Vehicle type front-engine, 4-wheel drive, 5-passenger pickup
Engine 5.4L SOHC V-8; cast iron/aluminum heads
Power (SAE net) 320 hp @ 5,000 rpm
Torque 390 lb.-ft (529 Nm) @ 3,500 rpm
Compression ratio 9.8:1
Transmission 6-speed automatic
Wheelbase 157 ins. (399 cm)
Overall length 243.7 ins. (619 cm)
Overall width 78.9 ins. (200 cm)
Overall height 76.4 ins. (194 cm)
Curb weight 5,683 lbs. (2,578 kg)
Base price $39,265 (approx., pre-production model)
Fuel economy 14/18 mpg (17-13 L/100 km)
Competition Dodge Ram, Chevrolet Silverado, Toyota Tundra, Nissan Titan
Pros Cons
More fuel efficient No V-6
Upgraded interior Bland exterior
Extremely capable Diesel must wait

Still, the seats are comfortable and legroom ample. In the back seat, a 6-ft.-2-in. (188-cm) passenger reclines comfortably.

For ’09, Ford has lengthened the flow-through center console some 2 ins. (5 cm), making it large enough to swallow up two laptop computers. Plus, the interior offers 30 storage areas, including a bin on top of the instrument panel and several small cubbies.

The instrument panel also is upgraded with larger buttons and switches that are easier to reach. Overall, the layout is more intuitive than that of the outgoing model.

On the outside, little has changed, although Ford improved aerodynamics. The most noticeable change is the small “lip” on top of the tailgate, a seemingly innocuous feature the auto maker says reduces drag.

With three cab styles, four box options and seven trim levels, the ’09 F-150 boasts 35 different configurations, more than any other fullsize pickup.

Even with recently volatile fuel prices, Ford expects the volume engine to be the 5.4L V-8, which produces a respectable 320 hp and 390 lb.-ft. (529 Nm) of torque. Other powertrain offerings include a 4.6L 3-valve V-8 that churns out 292 hp and 320 lb.-ft. (434 Nm).

The 3-valve 4.6L and 5.4L V-8s are mated to a 6-speed automatic transmission, which improves fuel economy.

The base engine for the ’09 F-150, replacing the available V-6, is a 4.6L 2-valve V-8 that produces 248 hp and 294 lb.-ft. (399 Nm) of torque, paired with a 4-speed automatic.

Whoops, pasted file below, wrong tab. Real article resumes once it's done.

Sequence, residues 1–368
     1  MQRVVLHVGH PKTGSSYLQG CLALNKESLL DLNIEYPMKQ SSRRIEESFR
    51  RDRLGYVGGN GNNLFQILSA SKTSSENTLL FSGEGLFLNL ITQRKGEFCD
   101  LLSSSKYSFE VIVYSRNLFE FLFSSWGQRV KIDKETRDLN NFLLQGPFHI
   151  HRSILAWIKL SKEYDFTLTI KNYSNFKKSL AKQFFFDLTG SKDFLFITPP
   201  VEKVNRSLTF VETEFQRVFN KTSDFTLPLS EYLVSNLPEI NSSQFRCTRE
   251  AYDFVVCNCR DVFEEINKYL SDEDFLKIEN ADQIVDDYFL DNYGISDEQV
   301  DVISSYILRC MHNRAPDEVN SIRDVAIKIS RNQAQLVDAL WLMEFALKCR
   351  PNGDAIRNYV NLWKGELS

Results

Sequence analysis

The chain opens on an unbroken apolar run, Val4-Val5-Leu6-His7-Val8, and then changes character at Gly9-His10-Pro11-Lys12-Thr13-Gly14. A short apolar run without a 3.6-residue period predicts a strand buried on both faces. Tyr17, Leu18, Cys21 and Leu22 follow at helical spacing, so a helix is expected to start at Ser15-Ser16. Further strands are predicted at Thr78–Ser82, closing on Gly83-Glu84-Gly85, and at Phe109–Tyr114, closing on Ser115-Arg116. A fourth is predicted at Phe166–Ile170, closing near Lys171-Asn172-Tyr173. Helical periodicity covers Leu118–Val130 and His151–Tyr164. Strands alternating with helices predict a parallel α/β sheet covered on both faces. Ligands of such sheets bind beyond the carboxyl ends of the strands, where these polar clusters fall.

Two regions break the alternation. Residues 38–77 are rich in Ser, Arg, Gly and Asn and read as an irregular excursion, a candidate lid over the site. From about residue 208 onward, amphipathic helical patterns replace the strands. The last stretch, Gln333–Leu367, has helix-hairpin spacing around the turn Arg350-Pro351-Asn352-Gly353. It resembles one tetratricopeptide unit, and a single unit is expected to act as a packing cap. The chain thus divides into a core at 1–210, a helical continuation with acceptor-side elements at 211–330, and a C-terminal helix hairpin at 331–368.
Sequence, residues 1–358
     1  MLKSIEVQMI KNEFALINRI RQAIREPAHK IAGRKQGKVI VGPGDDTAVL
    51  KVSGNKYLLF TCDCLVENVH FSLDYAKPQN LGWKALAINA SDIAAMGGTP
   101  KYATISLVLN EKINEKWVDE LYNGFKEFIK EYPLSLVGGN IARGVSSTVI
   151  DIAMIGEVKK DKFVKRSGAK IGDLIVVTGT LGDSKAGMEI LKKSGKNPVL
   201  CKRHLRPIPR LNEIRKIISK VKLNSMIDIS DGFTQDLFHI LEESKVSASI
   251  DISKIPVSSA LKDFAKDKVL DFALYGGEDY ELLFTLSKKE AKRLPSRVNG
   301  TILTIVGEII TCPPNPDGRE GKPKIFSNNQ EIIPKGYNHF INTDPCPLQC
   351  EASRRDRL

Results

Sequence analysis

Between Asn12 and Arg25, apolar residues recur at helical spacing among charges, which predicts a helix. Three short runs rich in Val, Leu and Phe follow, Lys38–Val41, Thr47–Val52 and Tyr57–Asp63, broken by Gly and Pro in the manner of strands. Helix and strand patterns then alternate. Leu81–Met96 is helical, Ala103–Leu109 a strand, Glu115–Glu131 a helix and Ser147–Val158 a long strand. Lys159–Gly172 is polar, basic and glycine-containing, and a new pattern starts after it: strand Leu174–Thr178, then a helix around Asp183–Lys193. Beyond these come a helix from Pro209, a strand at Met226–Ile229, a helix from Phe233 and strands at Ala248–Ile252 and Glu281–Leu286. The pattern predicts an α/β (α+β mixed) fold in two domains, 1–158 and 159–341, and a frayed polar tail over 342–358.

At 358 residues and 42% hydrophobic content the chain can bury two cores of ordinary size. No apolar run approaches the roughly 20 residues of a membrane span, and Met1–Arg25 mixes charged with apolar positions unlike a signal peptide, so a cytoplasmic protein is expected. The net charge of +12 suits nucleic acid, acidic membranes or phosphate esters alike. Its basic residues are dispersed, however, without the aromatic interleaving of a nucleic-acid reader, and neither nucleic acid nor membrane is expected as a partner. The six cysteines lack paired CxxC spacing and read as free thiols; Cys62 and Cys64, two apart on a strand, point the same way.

All the engines offer a combined 1 mpg (0.4 km/L) improvement in fuel economy vs. the outgoing truck, Ford says.

On paper, the 5.4L V-8 lags the 5.7L Hemi offered in the ’09 Dodge Ram, which makes 380 hp and 404 lb.-ft. (548 Nm) torque. But Ford’s 5.4L V-8 is more than adequate for highway driving, without being noisy, even while towing a 7,500-lb. (3,402-kg) trailer.

For consumers demanding better fuel economy, Ford plans to offer an EcoBoost turbocharged, direct-injection gasoline engine in the F-150 in 2010. A planned light-duty diesel has been postponed due to tough economic conditions.

The base F-150 XL regular cab starts at $21,320, including destination and delivery charges. At the top of the range, the Platinum edition sells for $41,415, although Ford has low sales expectations for the model, given the difficult economy.

The new F-150 is Ford’s best pickup yet but faces stiff competition in an alarmingly weak market. The auto maker figures its best hope is to satisfy those who need trucks for work and for towing.

“True truckers, which are the ones driving the market right now, want true capability,” says Frank Davis, executive director-North America product development. “You can’t have a poseur, because true truckers work the vehicles and use them hard.”

The work on the F-150 will pay off if Ford can retain the truck sales crown.

bpope@wardsauto.com